Given that these questions are so open-ended, and the answers so diverse, I ended up spending about half of the length of the podcast reading and reflecting on them. I won’t mirror all that discussion here, but I will share all the answers so that you can read through them yourself without needing to download the raw dataset.


Question Nineteen: What would you like to see the community do more of?

Major themes that emerged:

There were 4 answers that resisted easy categorization, that I commented on individually in the episode:

Here are all the other responses. If any of them propose something, like a project or new initiative, that you’d be interested in organizing on behalf of the community, reach out to me and I’ll help give it official recognition and promotion.


Again, in the episode I reacted to a few of the answers specifically, but this time a little more briefly than the previous question. I felt the answers here were more interesting to me than they would be to listeners. That said, I’ll once again include them all here, for those who are interested.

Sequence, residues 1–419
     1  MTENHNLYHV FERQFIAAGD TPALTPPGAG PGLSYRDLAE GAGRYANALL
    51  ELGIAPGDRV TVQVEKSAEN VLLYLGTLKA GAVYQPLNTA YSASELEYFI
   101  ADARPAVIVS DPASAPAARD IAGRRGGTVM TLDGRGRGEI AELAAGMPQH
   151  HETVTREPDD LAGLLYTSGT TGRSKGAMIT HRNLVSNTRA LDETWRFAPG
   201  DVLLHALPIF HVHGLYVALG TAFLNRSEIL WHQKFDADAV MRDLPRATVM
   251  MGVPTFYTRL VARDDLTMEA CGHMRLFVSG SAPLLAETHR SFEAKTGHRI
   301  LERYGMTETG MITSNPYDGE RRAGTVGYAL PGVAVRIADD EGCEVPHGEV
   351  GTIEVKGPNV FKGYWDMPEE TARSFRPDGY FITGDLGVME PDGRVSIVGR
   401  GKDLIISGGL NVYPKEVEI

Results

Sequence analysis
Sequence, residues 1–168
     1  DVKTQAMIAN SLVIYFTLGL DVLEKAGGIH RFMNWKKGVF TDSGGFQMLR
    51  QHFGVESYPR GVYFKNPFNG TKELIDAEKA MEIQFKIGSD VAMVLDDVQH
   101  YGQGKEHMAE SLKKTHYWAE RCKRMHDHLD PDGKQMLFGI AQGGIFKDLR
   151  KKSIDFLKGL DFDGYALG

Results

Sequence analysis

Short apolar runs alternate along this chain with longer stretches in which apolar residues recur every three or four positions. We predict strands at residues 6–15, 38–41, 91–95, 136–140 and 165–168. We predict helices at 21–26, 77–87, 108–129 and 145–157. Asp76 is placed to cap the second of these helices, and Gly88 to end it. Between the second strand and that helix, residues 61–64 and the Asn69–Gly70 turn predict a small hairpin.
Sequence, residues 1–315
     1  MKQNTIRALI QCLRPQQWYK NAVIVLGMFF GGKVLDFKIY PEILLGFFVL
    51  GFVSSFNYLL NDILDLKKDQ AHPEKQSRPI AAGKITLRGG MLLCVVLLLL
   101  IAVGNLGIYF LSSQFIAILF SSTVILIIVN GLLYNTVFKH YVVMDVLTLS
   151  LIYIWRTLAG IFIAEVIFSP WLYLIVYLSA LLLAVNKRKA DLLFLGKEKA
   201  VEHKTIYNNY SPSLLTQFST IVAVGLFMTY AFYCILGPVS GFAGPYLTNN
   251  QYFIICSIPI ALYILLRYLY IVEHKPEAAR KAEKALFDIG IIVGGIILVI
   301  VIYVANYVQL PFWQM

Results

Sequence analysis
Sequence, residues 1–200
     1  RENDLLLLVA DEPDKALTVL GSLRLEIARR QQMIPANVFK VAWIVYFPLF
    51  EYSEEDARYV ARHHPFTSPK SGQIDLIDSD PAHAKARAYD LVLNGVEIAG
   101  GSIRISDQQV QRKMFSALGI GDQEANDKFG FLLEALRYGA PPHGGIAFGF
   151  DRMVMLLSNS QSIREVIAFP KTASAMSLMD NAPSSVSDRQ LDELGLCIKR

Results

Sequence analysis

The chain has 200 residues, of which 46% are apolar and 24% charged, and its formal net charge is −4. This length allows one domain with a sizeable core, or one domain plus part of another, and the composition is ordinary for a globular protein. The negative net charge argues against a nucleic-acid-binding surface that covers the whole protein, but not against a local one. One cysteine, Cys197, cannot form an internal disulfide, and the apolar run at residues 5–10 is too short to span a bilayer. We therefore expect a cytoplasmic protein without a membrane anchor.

Question Twenty-One: What does “Future of Coding” mean to you? In other words, what are sorts of things are on-topic (or off-topic) for our community?

Finally, the good stuff! I had such a blast reading all these descriptions of the threads that bind us together. On the episode, I read them all. Every. Single. One. Set to music. That was a really fun way to end the episode, and that’s also how I’ll end this post.

If you’re new to the community, I invite you to join us. Once again, you can find a CSV of the survey results here, and I invite you to do your own datavis and share it with us. I hope you enjoyed this first ever community survey. Stay safe, and I’ll see you in the (very near) future!

I do too.